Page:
Preventing Tooth Decay
Most Common Types of Tooth Decay in Children and How to Prevent it
Just as we need to take care of our teeth as adults, we also need to take care of our teeth as children (or help our children take care of their teeth). Even though baby teeth will eventually fall out, they are extremely important to your child’s health and development. Not only do your child’s teeth impact the way that they eat and speak, but they set the tone for how their adult teeth will develop. Ensuring that your infant starts off with good oral care will help to prevent future problems, and will help keep their smile healthy for decades to come. But what are the different types of tooth decay that affect children and how can you prevent them? Let’s find out:
What is tooth decay?
Before we get into how tooth decay happens, why don’t we first define exactly what it is.
The hard outer layer of our teeth is called enamel. Both our childhood teeth and adult teeth have enamel, but the enamel on our baby teeth is much thinner than on our adult teeth. For this reason, they are more susceptible to decay. When decay happens, our teeth get small holes in them, and this is known as a cavity.
Types of Tooth Decay
When tooth decay happens, it happens in stages:
Stage 1: White spots
During this stage you will start to notice chalky white areas on the surface of the tooth. These areas are caused by plaque buildup and a loss of calcium. During this stage of tooth decay, you can take precautionary measures to reverse the damage and prevent decay.
Stage 2: Decay of Enamel
This is the stage where the enamel beneath the surface of the tooth begins to break down. Once this process starts, lesions can form on the tooth. The more the tooth decays, the more it becomes at risk of breaking.
Stage 3: Decay of Dentin
If a cavity goes untreated, the next stage is dentin decay. During this time, bacteria and acids buildup, continuing to dissolve the enamel of the teeth and continuing to decay the tooth. Once this decay reaches the dentin (the part in between the pulp and the enamel), sharp pain is usually the result.
Stage 4: The pulp stage
The pulp is the center of your tooth. If decay reaches the pulp of a tooth, it can become infected with bacteria and can lead to pus buildup. Furthermore, it can kill the nerve cells within the tooth, which ultimately leads to persistent pain.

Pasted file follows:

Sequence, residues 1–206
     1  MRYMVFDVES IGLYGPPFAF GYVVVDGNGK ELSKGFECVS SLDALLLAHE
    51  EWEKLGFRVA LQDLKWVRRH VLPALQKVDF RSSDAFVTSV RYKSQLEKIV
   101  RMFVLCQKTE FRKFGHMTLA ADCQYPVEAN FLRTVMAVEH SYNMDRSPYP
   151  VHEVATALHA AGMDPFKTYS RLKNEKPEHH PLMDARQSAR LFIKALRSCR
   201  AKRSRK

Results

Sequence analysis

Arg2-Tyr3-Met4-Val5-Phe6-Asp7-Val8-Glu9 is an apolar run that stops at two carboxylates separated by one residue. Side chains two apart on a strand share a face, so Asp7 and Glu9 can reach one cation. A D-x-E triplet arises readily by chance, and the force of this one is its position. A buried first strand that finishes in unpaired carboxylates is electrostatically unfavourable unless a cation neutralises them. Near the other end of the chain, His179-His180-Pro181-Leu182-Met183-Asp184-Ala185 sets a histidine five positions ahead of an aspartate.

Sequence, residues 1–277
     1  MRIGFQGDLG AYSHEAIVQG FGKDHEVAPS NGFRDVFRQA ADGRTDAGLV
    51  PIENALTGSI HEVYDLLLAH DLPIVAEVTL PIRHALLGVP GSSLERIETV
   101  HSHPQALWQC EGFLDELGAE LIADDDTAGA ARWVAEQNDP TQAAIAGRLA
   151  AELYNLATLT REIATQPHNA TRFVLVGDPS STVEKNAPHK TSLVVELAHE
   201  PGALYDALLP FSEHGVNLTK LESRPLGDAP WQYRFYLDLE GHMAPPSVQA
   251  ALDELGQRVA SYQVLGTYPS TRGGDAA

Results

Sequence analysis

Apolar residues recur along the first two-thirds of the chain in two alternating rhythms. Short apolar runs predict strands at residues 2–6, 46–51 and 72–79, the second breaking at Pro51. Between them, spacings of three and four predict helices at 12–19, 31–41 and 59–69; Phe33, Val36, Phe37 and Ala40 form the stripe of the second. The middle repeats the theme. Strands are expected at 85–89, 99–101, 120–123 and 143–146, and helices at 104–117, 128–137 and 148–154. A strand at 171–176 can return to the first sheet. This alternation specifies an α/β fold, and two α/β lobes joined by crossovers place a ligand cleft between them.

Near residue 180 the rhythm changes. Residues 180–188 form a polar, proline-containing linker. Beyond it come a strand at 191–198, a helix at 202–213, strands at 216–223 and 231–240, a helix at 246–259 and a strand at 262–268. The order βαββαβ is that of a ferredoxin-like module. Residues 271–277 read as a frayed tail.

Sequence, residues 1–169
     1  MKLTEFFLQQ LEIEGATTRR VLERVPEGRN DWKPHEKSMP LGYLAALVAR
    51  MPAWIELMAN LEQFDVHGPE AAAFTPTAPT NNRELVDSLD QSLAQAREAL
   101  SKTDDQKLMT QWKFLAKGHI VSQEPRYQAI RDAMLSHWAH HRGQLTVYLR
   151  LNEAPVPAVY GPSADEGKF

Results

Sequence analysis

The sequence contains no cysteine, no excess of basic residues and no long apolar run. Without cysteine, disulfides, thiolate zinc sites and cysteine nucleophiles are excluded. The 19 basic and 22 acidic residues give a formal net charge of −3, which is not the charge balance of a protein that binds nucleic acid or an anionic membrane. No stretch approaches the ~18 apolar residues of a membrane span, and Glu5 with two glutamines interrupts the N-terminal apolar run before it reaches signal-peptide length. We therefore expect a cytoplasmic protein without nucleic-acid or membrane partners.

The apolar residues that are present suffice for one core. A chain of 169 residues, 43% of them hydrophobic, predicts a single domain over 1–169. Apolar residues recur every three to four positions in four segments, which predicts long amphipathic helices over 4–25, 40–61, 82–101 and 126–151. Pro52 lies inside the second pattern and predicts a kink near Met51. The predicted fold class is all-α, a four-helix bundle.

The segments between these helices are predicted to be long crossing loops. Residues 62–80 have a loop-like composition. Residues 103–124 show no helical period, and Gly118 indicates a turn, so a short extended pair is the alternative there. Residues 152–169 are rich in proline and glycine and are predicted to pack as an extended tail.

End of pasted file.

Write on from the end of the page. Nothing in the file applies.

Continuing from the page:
Stage 5: Infection
If the tooth is still not dealt with after bacteria has reached the pulp, it can then travel to the root tip. At this point there becomes a serious risk of bone infection, as well as swelling of the tongue and gums. Eventually, the tooth may be lost.
What causes tooth decay in young children?
Tooth decay happens when bacteria builds up in the mouth.
More specifically, it occurs when foods that contain carbohydrates are left to sit on the teeth.
This can include common foods eaten by children including milk, candy, juices, cereals, and breads.
The combination of food particles, bacteria, acid, and saliva cause plaque to build up on the teeth, which can eventually lead to a cavity.
Is your child at risk of tooth decay?
Your child may be at risk of tooth decay if:
- They have high levels of bacteria in their mouths
- Their diet consists of a lot of sugars and starches
- Their diet lacks appropriate amounts of water
- They have poor oral hygiene
- They experience more saliva flow than usual.
So what can you do to prevent childhood tooth decay?
The good news is that childhood tooth decay is not inevitable. In other words, it can be prevented. Here are some take away tips to help you prevent childhood tooth decay:
- Brush your child’s teeth 2-3 times a day with a fluoride toothpaste. You should brush their teeth, tongue, and gums. Brushing should start as soon as you see their first tooth starting to come in.
- After the age of two, your child’s brushing routine should include regular flossing.
- Limit snacks and foods that are high in carbohydrates and sugars. Cookies, candies, and other sugar-filled snacks will increase their likelihood of developing a cavity.
- Don’t let your child share utensils, straws, or other items with other children or people. This can lead to a transfer of bacteria, which can increase their risk of developing a cavity.
- Never let your child have a bottle of milk or juice overnight. Water only for bedtime routines.
Finally, schedule regular checkups with your child’s dentist. A dentist will be able to spot tooth decay before it becomes a problem, and will be able to determine exactly what the concern is stemming from and what you can do to prevent it from worsening.
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